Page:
The Doobie Brothers Are Still Runnin’ Strong

Liberté is band’s first album of all-new music in 11 years

The Doobie Brothers are back with new music. After having listened to Liberté a few times, I find there is much to like about the band’s 15th studio album, their first with all new original tunes since World Gone Crazy from September 2010. Their most recent studio release Southbound, which appeared in November 2014, featured remakes of their biggest hits and some other songs recorded in collaboration with artists like Zac Brown Band, Toby Keith and Huey Lewis and Brad Paisley.

Released on October 1, Liberté was produced by John Shanks who has worked with a broad array of artists, such as Bonnie Raitt, Sheryl Crow, Stevie Nicks, Bon Jovi and Melissa Etheridge. Shanks also co-wrote all of the 12 tunes with either Tom Johnston (guitar, harmonica, vocals) or Patrick Simmons (guitar, banjo, flute, vocals), who co-founded the Doobies in San Jose, Calif. in 1970, together with Dave Shogren (bass, keyboards, guitar, backing vocals) and John Hartman (drums, percussion, backing vocals).

Doobie Brothers - Official Site
The Doobie Brothers (from left): Michael McDonald, Patrick Simmons, Tom Johnston and John McFee

The Doobie Brothers’ other core members are John McFee (guitar, pedal steel, violin, harmonica, banjo, mandolin, backing vocals), who has been part of the line-up since 1979, and Michael McDonald (keyboards, synthesizers, vocals), who has been and off since he first joined in 1975. McDonald was not involved in recording Liberté. He rejoined the Doobies in November 2019 ahead of their planned 50th anniversary tour in 2020. It was postponed due to the COVID pandemic and finally kicked off on August 22 in Des Moines, Iowa.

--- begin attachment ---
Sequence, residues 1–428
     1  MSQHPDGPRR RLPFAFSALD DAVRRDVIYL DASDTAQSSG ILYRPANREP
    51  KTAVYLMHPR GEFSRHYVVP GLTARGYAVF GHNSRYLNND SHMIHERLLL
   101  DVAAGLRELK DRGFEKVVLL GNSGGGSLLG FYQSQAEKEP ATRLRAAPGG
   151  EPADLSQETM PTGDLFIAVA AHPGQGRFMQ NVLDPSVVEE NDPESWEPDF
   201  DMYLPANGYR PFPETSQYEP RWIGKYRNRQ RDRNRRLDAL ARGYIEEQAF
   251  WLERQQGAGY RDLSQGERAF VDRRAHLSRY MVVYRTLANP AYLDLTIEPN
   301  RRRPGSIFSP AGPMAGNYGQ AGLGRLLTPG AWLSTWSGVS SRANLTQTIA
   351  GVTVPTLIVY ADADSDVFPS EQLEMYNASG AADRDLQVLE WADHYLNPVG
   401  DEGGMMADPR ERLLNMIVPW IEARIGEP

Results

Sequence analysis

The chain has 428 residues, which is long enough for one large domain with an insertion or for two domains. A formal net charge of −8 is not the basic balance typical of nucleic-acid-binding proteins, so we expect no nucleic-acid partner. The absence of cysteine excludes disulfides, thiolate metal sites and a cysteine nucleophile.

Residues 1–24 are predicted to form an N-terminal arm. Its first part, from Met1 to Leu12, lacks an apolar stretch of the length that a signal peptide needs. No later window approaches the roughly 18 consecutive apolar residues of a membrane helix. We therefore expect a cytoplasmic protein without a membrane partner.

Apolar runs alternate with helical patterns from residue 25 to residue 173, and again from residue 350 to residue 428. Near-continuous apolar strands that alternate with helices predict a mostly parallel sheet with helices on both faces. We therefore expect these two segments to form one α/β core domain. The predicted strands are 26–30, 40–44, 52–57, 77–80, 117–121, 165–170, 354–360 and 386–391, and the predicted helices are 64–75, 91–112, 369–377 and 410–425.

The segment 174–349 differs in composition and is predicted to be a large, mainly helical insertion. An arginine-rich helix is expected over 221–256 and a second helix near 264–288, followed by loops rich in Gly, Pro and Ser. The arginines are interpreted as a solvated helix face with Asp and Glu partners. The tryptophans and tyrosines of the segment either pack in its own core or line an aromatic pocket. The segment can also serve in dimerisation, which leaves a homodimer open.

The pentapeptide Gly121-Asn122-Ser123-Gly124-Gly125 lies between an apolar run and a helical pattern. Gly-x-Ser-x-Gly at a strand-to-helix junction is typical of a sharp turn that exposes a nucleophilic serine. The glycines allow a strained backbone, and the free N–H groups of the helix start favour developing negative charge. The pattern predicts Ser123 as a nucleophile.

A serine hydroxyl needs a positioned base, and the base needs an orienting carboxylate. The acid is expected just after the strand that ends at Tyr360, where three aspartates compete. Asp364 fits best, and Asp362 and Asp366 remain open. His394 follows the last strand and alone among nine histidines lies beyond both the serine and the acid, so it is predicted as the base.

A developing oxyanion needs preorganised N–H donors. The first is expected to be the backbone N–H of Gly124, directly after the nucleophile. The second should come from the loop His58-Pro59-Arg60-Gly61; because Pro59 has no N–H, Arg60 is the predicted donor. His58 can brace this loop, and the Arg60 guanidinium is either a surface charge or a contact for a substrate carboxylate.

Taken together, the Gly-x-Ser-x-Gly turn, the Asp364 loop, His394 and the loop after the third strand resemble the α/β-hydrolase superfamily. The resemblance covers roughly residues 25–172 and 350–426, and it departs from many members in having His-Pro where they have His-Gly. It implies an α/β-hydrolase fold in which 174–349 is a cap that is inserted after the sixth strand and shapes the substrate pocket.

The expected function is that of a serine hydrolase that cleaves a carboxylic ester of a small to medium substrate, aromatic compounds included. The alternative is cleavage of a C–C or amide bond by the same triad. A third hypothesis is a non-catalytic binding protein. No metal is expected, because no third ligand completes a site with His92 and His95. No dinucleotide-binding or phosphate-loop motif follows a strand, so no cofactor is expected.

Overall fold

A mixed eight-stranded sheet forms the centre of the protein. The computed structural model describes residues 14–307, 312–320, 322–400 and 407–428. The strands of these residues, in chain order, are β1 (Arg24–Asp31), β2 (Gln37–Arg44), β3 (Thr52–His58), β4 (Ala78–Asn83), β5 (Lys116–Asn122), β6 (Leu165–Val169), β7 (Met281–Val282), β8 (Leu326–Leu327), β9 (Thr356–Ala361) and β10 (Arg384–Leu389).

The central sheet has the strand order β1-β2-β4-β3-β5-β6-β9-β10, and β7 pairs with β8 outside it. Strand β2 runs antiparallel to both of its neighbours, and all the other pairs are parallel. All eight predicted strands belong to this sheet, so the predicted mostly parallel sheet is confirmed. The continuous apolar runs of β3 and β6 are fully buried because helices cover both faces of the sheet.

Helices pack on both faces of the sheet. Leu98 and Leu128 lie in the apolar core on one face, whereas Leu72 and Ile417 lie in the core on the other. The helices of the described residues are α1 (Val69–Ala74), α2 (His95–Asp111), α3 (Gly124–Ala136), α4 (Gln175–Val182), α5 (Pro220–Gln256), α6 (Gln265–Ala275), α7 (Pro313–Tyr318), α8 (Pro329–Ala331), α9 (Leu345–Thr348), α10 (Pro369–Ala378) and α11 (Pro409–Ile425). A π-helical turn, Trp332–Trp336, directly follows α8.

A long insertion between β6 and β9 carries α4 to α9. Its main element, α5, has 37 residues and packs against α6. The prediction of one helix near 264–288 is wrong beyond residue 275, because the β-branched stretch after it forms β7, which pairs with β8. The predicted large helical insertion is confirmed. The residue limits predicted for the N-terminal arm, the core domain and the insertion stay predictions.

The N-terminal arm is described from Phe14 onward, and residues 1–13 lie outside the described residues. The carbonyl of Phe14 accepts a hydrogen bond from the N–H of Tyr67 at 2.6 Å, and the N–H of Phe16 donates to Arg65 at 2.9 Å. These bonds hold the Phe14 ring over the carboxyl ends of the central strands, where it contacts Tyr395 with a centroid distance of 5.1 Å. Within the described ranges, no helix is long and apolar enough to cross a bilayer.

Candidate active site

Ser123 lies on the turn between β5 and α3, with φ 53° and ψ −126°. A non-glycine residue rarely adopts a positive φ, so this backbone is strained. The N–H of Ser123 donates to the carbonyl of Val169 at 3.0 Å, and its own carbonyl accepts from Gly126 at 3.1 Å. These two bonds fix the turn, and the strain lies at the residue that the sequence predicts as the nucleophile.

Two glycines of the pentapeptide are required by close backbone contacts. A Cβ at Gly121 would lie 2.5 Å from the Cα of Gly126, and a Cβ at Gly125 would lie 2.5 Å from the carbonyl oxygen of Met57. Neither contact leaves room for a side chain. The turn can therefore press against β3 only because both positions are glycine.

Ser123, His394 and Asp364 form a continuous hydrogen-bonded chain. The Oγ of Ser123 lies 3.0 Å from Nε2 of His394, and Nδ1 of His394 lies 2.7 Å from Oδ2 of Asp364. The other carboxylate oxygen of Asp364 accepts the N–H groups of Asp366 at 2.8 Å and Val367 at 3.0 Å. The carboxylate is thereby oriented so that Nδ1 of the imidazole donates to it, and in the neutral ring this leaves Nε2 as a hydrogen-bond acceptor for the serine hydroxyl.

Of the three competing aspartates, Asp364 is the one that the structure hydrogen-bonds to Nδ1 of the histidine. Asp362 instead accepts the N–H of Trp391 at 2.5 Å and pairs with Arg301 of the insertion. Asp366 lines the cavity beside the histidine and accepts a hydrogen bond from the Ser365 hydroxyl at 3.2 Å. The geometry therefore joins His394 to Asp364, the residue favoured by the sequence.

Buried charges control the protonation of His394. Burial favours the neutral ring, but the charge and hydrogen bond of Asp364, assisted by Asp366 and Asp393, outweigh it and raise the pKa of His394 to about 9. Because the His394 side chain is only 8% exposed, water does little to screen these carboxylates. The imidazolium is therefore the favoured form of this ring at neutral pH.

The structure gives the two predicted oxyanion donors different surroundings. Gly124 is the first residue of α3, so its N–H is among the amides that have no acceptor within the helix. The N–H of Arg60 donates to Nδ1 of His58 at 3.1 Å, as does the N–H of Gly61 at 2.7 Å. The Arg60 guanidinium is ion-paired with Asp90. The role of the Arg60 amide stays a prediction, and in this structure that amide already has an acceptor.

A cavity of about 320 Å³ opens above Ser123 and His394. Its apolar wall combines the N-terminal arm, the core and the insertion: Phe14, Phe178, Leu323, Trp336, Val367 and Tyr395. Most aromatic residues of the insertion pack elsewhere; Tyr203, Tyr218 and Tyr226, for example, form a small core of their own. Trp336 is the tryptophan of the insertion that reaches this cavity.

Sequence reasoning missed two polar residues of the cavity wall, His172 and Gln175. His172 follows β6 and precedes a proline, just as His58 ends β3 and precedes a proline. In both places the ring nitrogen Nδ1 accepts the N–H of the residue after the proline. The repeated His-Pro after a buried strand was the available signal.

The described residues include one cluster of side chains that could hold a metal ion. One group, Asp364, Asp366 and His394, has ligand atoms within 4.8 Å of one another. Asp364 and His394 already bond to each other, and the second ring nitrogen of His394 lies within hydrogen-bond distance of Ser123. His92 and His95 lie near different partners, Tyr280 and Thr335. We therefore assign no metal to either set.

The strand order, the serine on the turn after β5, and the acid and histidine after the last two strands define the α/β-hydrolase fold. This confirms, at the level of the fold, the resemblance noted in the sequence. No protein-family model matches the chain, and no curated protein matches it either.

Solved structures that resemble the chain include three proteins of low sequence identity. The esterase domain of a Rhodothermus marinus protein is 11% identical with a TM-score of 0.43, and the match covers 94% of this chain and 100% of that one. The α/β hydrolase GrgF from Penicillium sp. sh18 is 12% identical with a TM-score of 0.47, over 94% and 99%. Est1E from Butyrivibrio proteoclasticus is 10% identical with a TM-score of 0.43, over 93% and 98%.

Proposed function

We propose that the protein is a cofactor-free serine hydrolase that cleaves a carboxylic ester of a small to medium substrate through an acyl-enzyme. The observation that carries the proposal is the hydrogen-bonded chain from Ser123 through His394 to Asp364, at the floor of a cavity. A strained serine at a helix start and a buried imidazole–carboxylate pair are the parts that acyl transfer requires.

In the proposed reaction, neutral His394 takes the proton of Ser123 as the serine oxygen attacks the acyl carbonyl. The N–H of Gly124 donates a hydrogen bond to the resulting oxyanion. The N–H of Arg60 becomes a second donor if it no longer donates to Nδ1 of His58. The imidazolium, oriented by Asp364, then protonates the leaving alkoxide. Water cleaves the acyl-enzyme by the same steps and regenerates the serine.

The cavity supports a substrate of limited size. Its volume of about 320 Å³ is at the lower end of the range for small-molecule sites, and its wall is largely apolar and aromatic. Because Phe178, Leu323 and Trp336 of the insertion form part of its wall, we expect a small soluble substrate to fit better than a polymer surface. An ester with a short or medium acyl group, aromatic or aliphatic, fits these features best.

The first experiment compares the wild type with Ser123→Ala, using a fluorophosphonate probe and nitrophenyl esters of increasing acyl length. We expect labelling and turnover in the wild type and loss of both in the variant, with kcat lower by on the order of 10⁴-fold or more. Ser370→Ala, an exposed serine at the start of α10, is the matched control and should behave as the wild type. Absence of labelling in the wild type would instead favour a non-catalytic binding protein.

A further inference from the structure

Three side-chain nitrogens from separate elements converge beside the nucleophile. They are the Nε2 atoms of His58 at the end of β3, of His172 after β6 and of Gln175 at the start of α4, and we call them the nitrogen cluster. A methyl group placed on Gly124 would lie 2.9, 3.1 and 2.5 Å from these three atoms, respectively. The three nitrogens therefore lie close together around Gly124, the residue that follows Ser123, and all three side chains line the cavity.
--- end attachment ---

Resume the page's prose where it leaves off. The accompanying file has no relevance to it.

When the Doobies first announced Liberté in early August, they released the first four tracks of the album as a self-titled EP. Previously, I included one of these tunes, Don’t Ya Mess With Me, in a Best of What’s New installment. As such, I will skip the rocker here. Let’s get to some of the album’s other music.

Here’s the opener Oh Mexico. Co-written by Shanks and Johnston, the rock tune has a vibe of early Doobies. Johnston sounds great on vocals. I also dig the tune’s neat slide guitar work.

Cannonball is an acoustic-oriented song co-written by Shanks and Simmons. While this doesn’t sound like classic Doobies, I still like it.

The American Dream, a nostalgic tune reminiscing of the top down and the radio on, and dancin’ in the streets, is another co-write by Shanks and Johnston.

One of my early favorites is the soulful Shine Your Light. The tune was co-written by Shanks and Johnston as well.

The last tune I’d like to call out is Just Can’t Do This Alone. Co-written by Shanks and Johnston, this tune reminds me a bit of Listen to the Music, the first hit the Doobies scored in 1972, a single off their sophomore album Toulouse Street.

I wasn’t quite sure what to expect from Liberté. While it’s fair to say it’s no Toulouse Street or The Captain and Me, I find the album an enjoyable listening experience.